A Patched-Up Combo

Two competitors that were sidelined because of offseason surgery, sophomore linebackers Chris Borland and Mike Taylor are on the mend, and they have relied on each other for motivation.

MADISON - For as fierce of competitors as they are, forcing to sit out spring practices was like a football death sentence for linebackers Chris Borland and Mike Taylor.

The sophomores didn't have a choice. Both were hung up because of offseason surgery and not cleared physically to play. Taylor tore his ACL October 17 against Iowa while Borland hurt his shoulder midseason, but elected to finish the season before having a clean-out procedure.

It nagged at them both, especially since they were often seen watching practice holding a football in their hands, but it was a relief to have somebody else go through the same problem.

"Time was the thing that made the biggest difference," Borland said. "We got along great before that, but being in the rehab facility for hours a day helped us get through that."

Taylor started the first seven games last season at the outside backer position and was leading the Badgers in tackles (46) and third in tackles for loss (6.5) before the injury. The silver lining was that the injury made way for Borland, who made a big impact with 54 tackles, 10.5 TFLs, five forced fumbles, three fumble recovering and an interception.

"I was very impressed with Chris' play last year," Taylor said. "I was kind of in the same boat with my first year starting and he came in and started playing great. He finished the season off well."

The two rarely played together, which made the long rehabilitation process they shared a welcomed experience. Getting the chance to sit down together and watch film, study the linebackers from the sideline and rehabilitate their injuries, the duo made sure that If they couldn't complete on the field, they would find a way to do so off it.

"There's always going to be competition, especially when you see a guy playing like that," Taylor said. "It was healthy competition, and it brought out the best in both of us," Taylor said. "We really grew as teammates and when you get that chemistry and feel for one another, it makes it easier to play for one another and have fun out there."

With the prospect of finally being healthy, Taylor didn't know what his second knee surgery was going to bring. Doctors operated on the same knee on August 17 to clean out aggravated scar tissue that was preventing the knee bones from getting full extension. When the injury first happened, he thought is was much worse.

Taylor's track record is far from healthy, as the redshirt sophomore has yet to make it through a fall camp injury free. He took a medical redshirt his first season after having neck surgery to clear up an old injury from when he was a championship high school wrestler at Ashwaubenon High outside Green Bay. The following fall brought groin and hamstring problems, so when Taylor felt pain in his leg during the third practice, he felt uneasy.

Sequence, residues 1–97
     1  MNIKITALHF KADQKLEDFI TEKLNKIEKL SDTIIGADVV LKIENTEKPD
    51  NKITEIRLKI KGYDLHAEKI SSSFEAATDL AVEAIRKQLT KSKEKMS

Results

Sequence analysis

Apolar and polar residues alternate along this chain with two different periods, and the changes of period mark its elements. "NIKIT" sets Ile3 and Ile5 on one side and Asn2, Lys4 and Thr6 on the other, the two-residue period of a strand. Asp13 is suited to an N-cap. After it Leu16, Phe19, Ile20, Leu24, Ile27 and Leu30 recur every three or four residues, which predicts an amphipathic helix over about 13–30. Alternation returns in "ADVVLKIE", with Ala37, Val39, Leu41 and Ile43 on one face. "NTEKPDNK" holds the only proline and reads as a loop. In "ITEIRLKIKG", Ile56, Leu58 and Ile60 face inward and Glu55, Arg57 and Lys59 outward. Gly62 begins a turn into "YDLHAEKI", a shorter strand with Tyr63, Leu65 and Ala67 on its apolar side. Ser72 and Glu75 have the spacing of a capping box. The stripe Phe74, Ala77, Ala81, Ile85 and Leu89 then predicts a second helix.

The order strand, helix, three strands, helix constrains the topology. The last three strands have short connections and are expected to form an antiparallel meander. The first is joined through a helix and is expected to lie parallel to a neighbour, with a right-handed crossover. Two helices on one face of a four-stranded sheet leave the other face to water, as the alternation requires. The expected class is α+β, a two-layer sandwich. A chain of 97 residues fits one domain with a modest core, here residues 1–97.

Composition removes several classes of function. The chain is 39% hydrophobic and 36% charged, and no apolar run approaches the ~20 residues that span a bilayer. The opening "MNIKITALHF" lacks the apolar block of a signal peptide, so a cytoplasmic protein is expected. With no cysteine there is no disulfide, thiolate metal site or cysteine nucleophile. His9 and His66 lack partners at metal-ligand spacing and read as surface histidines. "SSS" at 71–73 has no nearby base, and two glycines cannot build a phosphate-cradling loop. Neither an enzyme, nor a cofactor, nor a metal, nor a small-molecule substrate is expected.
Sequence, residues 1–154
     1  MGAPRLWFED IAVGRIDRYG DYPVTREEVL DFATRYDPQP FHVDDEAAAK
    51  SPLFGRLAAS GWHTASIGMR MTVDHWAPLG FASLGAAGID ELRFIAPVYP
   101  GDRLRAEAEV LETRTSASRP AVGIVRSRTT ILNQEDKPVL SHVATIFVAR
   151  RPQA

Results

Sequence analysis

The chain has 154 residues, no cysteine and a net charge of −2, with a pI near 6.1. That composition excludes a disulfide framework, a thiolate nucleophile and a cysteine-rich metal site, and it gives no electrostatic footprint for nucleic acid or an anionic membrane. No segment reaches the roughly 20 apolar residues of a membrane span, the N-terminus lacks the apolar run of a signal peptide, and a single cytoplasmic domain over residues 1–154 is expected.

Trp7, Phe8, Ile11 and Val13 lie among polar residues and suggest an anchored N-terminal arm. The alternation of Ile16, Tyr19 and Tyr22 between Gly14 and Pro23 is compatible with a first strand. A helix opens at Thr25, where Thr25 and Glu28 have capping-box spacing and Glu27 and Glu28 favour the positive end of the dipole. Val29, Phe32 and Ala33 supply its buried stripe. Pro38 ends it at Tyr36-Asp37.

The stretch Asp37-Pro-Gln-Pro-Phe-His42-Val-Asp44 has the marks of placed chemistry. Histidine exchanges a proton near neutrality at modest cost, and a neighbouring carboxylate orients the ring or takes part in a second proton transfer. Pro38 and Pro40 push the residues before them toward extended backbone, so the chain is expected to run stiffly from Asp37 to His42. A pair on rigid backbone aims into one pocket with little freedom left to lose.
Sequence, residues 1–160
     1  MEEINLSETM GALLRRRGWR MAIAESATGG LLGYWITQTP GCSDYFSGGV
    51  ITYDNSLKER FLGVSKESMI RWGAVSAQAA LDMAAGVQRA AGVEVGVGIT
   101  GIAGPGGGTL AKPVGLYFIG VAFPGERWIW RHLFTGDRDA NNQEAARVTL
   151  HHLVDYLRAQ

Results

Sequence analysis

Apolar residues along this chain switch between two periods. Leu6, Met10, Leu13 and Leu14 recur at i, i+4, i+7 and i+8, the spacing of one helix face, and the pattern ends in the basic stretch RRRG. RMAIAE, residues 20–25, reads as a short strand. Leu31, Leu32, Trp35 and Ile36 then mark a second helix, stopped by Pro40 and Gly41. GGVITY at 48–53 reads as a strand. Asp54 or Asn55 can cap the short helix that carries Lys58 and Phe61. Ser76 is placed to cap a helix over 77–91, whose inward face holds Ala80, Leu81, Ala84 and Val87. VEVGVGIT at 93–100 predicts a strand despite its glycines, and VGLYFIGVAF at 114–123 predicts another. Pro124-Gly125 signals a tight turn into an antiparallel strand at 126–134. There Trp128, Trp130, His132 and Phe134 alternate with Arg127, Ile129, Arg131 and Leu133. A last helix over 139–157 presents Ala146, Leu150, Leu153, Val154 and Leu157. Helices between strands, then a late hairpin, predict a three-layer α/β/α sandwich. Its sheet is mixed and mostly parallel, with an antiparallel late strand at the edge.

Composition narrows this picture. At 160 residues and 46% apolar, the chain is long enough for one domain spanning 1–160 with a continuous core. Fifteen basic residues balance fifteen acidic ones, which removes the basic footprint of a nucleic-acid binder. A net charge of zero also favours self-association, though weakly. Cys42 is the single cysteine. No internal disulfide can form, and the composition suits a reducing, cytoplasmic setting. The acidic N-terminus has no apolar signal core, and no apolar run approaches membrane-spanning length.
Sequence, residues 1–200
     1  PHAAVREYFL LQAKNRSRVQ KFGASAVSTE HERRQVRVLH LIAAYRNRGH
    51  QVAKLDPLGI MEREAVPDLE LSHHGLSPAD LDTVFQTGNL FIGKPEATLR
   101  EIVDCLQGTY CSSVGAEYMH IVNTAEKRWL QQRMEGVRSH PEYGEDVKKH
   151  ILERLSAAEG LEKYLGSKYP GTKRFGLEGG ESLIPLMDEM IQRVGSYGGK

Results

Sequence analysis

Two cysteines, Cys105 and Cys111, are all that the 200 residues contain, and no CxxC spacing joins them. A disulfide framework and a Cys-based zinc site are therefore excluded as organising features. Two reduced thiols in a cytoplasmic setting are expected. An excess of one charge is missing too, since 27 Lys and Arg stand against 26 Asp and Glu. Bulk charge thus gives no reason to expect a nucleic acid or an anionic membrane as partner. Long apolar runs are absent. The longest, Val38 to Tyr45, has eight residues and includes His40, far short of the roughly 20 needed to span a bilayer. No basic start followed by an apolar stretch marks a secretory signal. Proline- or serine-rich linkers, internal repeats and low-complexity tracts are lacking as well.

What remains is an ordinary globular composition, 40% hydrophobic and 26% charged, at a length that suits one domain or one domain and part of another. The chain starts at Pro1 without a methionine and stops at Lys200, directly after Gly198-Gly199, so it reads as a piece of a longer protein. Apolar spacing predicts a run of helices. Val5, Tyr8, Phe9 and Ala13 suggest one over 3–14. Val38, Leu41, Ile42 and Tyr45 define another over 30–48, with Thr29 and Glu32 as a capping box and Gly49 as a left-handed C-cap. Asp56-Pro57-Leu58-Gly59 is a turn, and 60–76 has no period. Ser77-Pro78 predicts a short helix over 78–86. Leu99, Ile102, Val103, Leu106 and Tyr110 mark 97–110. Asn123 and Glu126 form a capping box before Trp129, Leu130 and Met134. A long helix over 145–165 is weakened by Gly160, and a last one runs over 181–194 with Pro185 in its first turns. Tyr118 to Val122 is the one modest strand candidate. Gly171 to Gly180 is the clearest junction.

"It was the first day of pads and the second play of a scrimmage," Taylor recalled. "I tried to tackle the tailback and my right leg swung around and kind of kicked the ground. I didn't hear a pop, but it kind of felt weird. I made 20 more plays, I wasn't playing well because of my knee and I took myself out because I wasn't doing the job. I kept playing on it, so it wasn't as bad as it was, but things cross your mind when you've had an ACL injury."

A MRI revealed that Taylor had torn through some scar tissue, but Taylor has started to increase his running and get back into football condition with the goal of playing as soon as possible.

"I feel I could come back for the first game and I am not saying that I won't, but I think it's going to be important for me to strengthen my leg and make sure everything is intact," Taylor said. "I hope to practicing soon, get a few hits on it and see how it responds."

While Taylor is building his knee back up, Borland is in full attack mode. Unable to work out his upper body because of the surgery, Borland has increased his weight up to 242 pounds and shows the same quickness and aggressiveness that allowed his to reach the ball carrier, no matter where he is on the field.

Although they were a successful tag team at the same position, the coaching staff plans to utilize both of them on the field. While they have three more years together, Borland and Taylor both are agreement on one thing: they are more focused on today than tomorrow.

"That's how we operate," Borland said. "We're more excited for our next full-pad practice than we are for UNLV. It's cliché, but we like taking care of business one day at a time."

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